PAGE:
First-party data is now really the foundation of digital media.


It can be a painful transition for publishers who rely on arbitraged traffic, but setting that aside and focusing on logged-in users will be the key to moving forward. Inevitably it will cause a drop in traffic, but the users will be so much more valuable – and “monetizable” – once the transition is completed. For marketers, it will be “safe” to communicate their marketing message to consumers.

Additionally, single-sign on, or Unique Identifiers, will be crucial going forward. This persistent ID across a variety of data-driven platforms is the only way for publishers to compete with the walled gardens of Facebook and Google. As marketers have become more dependent on programmatic and Real Time Bidding (RTB) to target consumers anywhere on the internet, there is an understandable concern regarding what the “cookie-less” world does to these tactics.

Marketers still will be able to acquire inventory via RTB for optimization purposes. We also could see the resurgence of IO-based purchases based on context-based verticals. Beyond the vertical, we may see the next generation in a remnant, click-based ecosystem focused on context more so than behavior.

Likely two paths are created going forward: a programmatic tier and an Insertion Order (IO)-based tier (everything old is new again). The authenticated programmatic option will be an opportunity to use opt-in, first-party data for a high-yield campaign, while anonymous programmatic can target using context only.

Mobile marketing could continue to capitalize on the persistent ID, especially with regard to expansion into mobile apps. Although marketers have been hesitant to jump into in-app advertising due to attribution challenges, the persistent ID makes it easier to take that leap.

Brand marketers are forced to focus more on first-party data, content acquisition becomes a strategy that some can, and should, embrace.”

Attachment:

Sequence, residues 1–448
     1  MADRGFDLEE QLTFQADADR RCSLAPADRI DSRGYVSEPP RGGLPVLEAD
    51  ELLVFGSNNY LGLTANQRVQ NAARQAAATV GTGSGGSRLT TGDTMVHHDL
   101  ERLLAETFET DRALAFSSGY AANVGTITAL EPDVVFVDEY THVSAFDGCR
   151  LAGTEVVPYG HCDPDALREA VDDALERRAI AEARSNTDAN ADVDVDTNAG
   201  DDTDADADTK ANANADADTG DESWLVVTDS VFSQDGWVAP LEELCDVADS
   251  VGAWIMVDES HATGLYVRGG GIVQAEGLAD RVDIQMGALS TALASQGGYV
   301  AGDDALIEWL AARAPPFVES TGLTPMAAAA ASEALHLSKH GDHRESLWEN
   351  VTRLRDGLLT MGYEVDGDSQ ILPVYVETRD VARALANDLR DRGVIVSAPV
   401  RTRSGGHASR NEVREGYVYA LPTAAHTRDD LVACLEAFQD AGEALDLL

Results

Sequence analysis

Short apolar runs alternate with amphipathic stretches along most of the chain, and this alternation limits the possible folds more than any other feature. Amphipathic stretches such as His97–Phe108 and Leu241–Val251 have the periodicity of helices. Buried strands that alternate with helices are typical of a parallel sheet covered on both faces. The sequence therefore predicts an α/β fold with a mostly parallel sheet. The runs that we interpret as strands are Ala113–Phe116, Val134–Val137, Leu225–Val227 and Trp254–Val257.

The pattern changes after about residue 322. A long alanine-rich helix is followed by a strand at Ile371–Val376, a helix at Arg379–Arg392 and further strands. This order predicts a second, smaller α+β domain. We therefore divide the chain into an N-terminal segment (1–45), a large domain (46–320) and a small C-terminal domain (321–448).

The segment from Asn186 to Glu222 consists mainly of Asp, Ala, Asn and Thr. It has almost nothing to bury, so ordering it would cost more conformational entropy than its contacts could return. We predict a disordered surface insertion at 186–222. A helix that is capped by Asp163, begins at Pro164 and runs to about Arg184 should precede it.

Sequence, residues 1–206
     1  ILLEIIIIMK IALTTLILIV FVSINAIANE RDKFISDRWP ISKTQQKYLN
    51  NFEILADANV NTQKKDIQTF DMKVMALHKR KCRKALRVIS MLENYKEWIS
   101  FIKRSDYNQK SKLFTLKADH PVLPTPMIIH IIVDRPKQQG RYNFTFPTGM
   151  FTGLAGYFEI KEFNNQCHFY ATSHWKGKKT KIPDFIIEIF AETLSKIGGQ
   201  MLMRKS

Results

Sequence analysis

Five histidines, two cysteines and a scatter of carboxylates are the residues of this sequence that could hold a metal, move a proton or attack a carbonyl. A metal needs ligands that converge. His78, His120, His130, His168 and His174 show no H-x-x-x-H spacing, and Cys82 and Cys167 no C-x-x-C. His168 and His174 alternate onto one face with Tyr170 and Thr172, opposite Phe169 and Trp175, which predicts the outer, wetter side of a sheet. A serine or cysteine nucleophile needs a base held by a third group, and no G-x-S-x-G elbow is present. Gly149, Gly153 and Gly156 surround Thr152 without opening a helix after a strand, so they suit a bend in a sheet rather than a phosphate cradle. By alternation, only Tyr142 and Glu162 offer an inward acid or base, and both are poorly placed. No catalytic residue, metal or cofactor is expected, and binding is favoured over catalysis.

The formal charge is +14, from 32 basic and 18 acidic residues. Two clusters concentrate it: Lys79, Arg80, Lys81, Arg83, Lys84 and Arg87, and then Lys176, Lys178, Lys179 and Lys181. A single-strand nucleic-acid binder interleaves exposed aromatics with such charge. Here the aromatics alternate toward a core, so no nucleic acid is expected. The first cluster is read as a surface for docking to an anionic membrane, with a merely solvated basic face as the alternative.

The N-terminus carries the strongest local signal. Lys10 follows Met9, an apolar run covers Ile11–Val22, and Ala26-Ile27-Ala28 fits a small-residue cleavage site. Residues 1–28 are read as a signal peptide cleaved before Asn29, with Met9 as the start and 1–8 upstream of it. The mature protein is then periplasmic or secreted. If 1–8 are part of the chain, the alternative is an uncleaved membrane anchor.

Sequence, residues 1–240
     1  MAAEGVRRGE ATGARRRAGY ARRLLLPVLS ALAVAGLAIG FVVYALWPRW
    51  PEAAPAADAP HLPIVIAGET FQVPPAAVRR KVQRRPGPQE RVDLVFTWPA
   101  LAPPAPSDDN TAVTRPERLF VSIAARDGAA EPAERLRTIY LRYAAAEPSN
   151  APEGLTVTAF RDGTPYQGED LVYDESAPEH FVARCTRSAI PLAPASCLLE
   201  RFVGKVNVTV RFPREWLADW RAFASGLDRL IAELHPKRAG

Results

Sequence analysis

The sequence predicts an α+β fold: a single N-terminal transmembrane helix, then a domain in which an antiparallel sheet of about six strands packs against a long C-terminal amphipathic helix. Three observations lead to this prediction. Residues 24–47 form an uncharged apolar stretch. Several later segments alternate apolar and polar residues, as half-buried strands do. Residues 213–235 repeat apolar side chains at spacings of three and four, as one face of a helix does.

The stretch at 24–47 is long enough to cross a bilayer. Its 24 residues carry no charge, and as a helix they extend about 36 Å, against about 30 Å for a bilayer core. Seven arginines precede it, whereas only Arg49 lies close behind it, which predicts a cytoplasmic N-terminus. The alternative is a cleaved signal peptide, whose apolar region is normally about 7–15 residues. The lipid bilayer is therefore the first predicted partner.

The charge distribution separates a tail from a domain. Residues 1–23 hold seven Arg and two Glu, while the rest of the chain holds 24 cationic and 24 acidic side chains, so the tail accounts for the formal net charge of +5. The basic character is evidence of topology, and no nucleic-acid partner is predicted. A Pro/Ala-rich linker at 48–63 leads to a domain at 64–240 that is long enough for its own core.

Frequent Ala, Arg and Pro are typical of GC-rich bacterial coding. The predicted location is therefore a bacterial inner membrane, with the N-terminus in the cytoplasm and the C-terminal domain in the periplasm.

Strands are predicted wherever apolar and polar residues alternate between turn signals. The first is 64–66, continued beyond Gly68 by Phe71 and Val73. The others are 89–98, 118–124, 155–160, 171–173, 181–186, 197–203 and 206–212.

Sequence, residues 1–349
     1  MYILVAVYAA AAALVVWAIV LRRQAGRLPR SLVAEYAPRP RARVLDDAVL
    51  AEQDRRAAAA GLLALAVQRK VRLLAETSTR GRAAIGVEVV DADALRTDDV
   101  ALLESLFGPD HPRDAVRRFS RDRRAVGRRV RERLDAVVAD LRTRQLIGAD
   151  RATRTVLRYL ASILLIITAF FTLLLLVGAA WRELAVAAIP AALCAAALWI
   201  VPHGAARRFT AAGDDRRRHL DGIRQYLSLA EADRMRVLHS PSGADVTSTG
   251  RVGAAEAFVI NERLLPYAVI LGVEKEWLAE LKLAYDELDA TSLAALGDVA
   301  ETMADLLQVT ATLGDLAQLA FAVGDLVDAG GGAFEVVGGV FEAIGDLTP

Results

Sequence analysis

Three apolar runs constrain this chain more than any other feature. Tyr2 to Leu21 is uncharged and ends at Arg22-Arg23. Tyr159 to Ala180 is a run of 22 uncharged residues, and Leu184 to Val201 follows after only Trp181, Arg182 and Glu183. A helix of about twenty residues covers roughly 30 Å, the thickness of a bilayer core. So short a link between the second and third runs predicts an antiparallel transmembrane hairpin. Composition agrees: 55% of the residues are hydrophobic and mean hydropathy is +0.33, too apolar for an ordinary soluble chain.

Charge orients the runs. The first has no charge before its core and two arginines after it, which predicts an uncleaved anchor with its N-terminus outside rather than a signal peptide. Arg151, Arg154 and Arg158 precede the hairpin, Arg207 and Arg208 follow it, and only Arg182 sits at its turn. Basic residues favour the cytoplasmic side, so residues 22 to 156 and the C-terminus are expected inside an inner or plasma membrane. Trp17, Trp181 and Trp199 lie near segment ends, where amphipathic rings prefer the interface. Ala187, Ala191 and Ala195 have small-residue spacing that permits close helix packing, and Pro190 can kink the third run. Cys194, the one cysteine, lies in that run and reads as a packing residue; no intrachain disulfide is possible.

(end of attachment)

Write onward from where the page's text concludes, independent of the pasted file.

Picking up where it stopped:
The path for Kodak & Shutterfly

Think about the different path for Kodak if it had purchased Shutterfly in 2012 instead of selling its online photo services business to Shutterfly. Today, Kodak would have access to 10+ million customers in Shutterfly’s database … customers who purchase more than 26 million products per year. Marketers should focus on content through a logged-in user base, focused on the type of vertical that makes sense for the brand.

As our business evolves, and cookies crumble, there is plenty of upside for brands with their own first-party data, sales-channel data and individual digital experience platforms. Additionally, publishers and technology firms who create and maintain ecosystems based on signed-in users across multiple platforms and devices, will have ample opportunity to target key customers. Focusing on brand safety, consumer privacy and opt-in data will separate the winners from the losers.

And ultimately, that’s a good thing!

Exactly What is the Difference Between a Branding Agency and a Digital Agency?

Exactly What is the Difference Between a Branding Agency and a Digital Agency?